Whilst the detained pro-democracy leader Aung San Suu Kyi and the National League for Democracy are said to be in favour of maintaining international sanctions against the Burmese military junta, many argue that the existing ones have had no effect on the government's anti-democratic stance, and have only contributed to the suffering of the Burmese people. A panel of experts debate the effectiveness of the sanctions, and suggest alternatives.
Arguing in favour of the motion are Derek Tokin, Frank Smithuis, and Thant Myint-U.
Derek Tonkin proposes the motion by suggesting that, whilst the sanctions against Burma are supposed to be targeting the regime, they are making no difference. He calls for all sanctions against Burma (except the arms embargo) to be lifted, as they are harming Burma's ordinary citizens more than they are harming those in power.
Frank Smithuis draws on his experience of working in Burma to suggest that sanctions have had no effect - only negative side-effects. Not only have trade sanctions led to a decrease in jobs in the textiles and tourist industries, but development and humanitarian aid has also decreased, leading to increased poverty and disease.
Thant Myint-U outlines how sanctions have decimated 'employment-generating' industries such as textile manufacture and tourism in Burma. The upshot of these sanctions is that the poorest people and the middle classes have suffered, not the generals. If the West continues to isolate Burma, it is China who will shape the future of the country, and Myint-U questions whether the Chinese are the most desirable state to be in that position.
Arguing against the motion are Benedict Rogers, Mark Farmaner, and Brad Adams.
Benedict Rogers outlines the shocking brutality that the Burmese government is capable of, and suggests that lifting sanctions would send out the wrong message to the Burmese government. We should only lift sanctions, he says, when the government agree to measures such as releasing political prisoners and declaring a ceasefire on the ethnic nationalities. He proposes more targeted sanctions - on oil, gas, and financial institutions - to hit the generals where it really hurts: in their pockets.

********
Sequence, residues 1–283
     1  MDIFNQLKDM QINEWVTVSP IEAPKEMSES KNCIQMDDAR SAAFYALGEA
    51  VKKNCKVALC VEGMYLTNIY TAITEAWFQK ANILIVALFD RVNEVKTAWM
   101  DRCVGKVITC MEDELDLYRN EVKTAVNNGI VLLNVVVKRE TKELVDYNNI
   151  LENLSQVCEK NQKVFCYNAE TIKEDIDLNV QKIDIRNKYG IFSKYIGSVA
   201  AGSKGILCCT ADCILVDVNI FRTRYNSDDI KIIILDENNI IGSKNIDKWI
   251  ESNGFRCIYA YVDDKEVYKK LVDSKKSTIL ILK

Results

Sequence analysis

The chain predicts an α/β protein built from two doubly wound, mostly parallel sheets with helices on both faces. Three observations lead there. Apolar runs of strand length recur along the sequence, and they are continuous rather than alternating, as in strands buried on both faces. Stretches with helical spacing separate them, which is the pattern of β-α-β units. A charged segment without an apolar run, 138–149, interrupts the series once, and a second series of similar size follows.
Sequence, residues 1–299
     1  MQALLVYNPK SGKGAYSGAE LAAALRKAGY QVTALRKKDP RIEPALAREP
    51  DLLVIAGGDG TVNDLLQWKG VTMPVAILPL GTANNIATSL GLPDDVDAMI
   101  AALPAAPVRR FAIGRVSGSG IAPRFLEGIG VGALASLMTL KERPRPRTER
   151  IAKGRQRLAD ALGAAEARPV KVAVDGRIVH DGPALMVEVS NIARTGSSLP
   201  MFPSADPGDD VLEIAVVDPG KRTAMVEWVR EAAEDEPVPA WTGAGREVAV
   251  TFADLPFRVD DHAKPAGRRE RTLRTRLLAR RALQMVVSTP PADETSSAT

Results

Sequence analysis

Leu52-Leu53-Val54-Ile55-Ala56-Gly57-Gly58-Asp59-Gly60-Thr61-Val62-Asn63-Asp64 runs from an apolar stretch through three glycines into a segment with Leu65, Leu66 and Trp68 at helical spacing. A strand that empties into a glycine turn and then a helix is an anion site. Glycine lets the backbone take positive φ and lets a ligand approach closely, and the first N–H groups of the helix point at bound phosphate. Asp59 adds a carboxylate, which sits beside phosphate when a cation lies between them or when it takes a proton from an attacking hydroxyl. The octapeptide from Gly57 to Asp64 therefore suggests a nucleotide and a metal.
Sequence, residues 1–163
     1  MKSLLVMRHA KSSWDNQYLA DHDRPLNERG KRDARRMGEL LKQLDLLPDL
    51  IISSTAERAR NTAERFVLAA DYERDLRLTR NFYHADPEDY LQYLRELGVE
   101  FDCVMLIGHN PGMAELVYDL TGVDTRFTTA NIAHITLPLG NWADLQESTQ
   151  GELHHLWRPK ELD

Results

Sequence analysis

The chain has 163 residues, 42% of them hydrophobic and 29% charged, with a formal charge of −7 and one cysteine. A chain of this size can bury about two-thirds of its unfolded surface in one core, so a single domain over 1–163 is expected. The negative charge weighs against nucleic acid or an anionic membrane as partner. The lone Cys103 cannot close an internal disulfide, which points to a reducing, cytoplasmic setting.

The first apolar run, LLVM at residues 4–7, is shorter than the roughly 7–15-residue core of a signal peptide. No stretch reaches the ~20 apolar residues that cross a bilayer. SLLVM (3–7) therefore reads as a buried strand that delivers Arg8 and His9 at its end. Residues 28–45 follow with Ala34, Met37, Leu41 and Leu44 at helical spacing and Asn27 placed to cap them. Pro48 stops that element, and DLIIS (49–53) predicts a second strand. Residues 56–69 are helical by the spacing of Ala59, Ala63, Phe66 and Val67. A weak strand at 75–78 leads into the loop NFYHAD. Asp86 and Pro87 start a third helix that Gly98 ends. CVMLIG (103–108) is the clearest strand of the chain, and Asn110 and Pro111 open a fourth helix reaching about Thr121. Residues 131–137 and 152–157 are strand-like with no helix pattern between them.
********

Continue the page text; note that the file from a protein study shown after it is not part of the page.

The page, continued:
Mark Farmaner points to the strong support that sanctions have from Burma charities and the Burmese population themselves. Sanctions were originally introduced in response to human rights abuses, and are still in place because these abuses have not abated. He also points out that there are no sanctions on humanitarian aid – levels of aid to Burma have decreased since 1988 because of fears that it will fall into the hands of the corrupt government.
Brad Adams acknowledges the failure of previous sanctions such as America's trade embargo, but says that what advocates of sanctions are calling for are more specific measures designed to force the generals to the negotiating table. Adams also advocates putting pressure on China and India to enforce sanctions on Burma.
First vote: Agree 106, Disagree 98, Undecided 91
Final vote: Agree 120, Disagree 157, Undecided 23
The motion was defeated by 37 votes.